Scientists at the Fraunhofer Institute for Applied Polymer Research IAP in Potsdam-Golm have developed a pilot production facility able to print OLEDs as well as organic solar cells on an industrial scale. The scientists worked together with mechanical engineering company Mbraun to develop the facility.
OLEDs and solar cells can be printed at the facility from solutions containing luminescent organic molecules and absorptive molecules respectively, which makes printing them onto a carrier film very straightforward. Usually, printing OLEDs and solar cells involve vaporising small molecules in a high vacuum, making it a very expensive process.
Scientists had previously only ever used various printing technologies to design components on a laboratory scale. They can now produce larger sample series, which is particularly advantageous for producing tailored solutions in relatively small numbers.
'We’re now able to produce organic components under close-to-real-life manufacturing conditions with relative ease. Now for the first time it will be possible to translate new ideas into commercial products,’ commented Dr Armin Wedel, head of division at the Fraunhofer IAP.
At the heart of the pilot plant is a robot that controls different printers. OLEDs are applied to the carrier material one layer at a time using a variety of starting materials. This produces a very homogenous surface that creates a perfect lighting layer.
‘We’re able to service upscale niche markets by offering tailored solutions, as we can apply the organic electronic system to customers’ specifications, just like in digital printing,’ said Wedel.
Industry experts estimate that printed OLEDs has promise of becoming a billion-dollar market. ‘The focus in Germany and Europe is on OLED lighting because this is the home market for large companies such as Osram and Philips,’ explained Wedel.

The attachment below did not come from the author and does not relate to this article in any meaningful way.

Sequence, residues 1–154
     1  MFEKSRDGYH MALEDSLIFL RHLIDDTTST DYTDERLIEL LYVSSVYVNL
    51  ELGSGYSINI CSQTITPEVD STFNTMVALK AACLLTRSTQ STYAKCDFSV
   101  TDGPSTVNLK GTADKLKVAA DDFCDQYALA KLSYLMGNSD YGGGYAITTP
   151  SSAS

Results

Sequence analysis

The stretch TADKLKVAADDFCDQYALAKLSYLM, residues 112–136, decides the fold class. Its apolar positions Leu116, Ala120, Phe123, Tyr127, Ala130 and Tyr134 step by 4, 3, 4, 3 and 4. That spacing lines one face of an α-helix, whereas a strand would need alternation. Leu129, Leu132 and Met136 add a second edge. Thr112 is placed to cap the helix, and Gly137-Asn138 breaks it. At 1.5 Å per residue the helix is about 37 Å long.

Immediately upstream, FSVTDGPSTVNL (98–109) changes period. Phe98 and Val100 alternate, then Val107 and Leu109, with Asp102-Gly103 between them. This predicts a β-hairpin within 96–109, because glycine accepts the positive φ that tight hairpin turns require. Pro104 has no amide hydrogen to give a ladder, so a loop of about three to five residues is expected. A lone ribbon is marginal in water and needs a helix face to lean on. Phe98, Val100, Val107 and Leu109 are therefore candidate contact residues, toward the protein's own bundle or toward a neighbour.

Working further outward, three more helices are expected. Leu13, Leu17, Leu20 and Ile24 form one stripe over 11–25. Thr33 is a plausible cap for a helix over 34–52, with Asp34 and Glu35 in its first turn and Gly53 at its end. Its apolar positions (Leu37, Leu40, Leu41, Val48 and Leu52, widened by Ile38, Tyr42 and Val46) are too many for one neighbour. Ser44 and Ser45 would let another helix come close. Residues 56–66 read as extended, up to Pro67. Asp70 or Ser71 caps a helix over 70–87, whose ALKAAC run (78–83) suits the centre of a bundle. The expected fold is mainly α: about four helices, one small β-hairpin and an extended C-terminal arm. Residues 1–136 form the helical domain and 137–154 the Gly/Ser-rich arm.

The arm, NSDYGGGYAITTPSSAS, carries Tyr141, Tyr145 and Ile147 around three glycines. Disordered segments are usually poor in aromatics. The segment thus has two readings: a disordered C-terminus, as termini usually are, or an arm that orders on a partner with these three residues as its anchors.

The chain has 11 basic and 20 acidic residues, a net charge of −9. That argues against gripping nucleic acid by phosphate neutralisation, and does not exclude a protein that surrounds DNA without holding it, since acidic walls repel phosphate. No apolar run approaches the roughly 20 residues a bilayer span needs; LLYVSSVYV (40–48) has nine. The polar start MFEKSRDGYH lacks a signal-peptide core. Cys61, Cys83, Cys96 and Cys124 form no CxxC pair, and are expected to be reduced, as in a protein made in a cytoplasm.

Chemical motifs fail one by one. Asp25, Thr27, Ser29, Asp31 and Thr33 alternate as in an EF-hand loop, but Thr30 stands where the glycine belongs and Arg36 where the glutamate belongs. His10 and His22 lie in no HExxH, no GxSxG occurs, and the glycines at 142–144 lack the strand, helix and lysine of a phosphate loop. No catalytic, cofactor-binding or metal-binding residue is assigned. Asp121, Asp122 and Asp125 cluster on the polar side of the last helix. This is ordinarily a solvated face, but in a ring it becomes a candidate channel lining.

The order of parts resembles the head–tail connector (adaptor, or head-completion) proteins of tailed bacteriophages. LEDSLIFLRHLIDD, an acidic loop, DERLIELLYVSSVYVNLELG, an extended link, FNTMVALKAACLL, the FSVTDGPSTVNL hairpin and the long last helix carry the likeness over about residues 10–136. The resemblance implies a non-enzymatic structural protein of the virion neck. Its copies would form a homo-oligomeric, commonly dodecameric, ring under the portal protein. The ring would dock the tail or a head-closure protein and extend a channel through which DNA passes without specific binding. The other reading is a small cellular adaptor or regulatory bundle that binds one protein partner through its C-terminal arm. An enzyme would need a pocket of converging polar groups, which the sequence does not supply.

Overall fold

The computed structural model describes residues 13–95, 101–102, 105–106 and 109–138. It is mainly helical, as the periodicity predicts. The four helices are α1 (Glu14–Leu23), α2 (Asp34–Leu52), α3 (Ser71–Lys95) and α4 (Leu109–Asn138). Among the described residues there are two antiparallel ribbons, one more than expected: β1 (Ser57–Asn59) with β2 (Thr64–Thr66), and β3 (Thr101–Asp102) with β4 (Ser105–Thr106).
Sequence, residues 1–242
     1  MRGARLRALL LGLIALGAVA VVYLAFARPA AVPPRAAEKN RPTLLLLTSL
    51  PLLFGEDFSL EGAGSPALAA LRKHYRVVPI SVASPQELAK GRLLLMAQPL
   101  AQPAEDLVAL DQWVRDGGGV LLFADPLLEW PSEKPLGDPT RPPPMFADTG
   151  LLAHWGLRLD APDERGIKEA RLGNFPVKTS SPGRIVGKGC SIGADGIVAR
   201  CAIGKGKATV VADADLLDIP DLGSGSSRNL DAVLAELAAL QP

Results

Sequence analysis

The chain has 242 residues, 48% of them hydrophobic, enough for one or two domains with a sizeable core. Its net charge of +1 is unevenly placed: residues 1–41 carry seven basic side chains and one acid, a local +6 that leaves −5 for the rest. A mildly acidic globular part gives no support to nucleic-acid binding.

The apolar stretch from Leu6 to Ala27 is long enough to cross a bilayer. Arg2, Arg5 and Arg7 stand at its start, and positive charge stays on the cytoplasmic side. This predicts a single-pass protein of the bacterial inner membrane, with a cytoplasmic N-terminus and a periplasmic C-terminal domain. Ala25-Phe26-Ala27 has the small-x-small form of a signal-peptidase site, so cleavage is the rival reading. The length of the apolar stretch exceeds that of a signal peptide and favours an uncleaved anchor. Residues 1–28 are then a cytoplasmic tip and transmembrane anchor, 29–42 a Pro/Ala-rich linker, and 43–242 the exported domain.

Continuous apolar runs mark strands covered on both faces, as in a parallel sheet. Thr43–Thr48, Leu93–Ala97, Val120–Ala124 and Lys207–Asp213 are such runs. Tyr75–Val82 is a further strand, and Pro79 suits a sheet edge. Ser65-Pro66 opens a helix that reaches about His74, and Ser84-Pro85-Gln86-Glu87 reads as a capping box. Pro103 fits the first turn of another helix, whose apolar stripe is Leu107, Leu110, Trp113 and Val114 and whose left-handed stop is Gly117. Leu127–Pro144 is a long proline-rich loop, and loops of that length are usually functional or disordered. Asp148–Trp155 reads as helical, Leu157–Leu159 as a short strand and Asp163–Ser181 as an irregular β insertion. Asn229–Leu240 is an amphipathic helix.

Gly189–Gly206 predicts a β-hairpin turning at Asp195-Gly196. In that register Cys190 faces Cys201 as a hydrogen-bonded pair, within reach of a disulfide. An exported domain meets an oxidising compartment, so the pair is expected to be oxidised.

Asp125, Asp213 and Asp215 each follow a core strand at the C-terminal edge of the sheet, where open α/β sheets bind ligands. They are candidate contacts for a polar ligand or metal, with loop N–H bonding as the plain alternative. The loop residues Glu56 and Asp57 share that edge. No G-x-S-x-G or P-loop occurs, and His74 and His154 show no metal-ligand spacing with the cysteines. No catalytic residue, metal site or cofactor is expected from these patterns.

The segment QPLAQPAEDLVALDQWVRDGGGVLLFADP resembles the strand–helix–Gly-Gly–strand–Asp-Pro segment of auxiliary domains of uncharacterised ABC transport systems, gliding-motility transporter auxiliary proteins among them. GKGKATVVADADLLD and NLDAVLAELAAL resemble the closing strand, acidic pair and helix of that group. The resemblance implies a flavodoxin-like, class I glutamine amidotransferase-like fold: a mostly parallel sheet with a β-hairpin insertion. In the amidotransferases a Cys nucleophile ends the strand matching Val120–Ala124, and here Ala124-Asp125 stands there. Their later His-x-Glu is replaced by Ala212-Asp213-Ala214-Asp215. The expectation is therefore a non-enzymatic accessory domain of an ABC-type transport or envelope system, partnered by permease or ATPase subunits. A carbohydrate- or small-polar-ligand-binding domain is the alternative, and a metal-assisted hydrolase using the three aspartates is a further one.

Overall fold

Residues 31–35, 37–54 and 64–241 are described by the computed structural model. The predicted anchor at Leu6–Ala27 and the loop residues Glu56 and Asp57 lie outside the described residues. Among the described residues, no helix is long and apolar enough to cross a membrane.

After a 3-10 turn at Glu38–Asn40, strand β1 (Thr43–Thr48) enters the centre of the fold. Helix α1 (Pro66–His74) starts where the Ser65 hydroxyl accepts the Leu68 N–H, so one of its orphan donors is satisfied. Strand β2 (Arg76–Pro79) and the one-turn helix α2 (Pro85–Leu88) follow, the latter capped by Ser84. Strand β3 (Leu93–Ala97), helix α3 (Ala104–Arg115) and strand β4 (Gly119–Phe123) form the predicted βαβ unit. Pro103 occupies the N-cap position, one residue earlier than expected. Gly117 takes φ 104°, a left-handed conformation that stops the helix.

Dr Martin Reinelt, CEO of Mbraun in Garching, added: ‘The manufacturing facility will help secure competitive advantages in this particular segment of the market. It strengthens the German research community, and also demonstrates the capabilities of German plant engineering.’
OLEDs have several advantages over conventional display technologies. Unlike liquid crystal displays they do not require backlighting, which means they consume less energy. As it is the diodes themselves that emit coloured light, contrast and colour reproduction are better. The electroluminescent displays also offer a large viewing angle of almost 180 degrees. And because they require no backlighting, they can be very thin, making it possible to create entirely new shapes.
There are still several challenges to be met before OLEDs become firmly established on the market. ‘The main hurdle, as far as I’m concerned, is the high level of investment required to set up manufacturing,’ said Wedel. This is why, at least where lighting is concerned, he expects OLEDs to complement rather than replace conventional lighting devices. He added: ‘My vision is that the day will come when all we need do is switch ink cartridges in our printers in order to print out our own lighting devices.’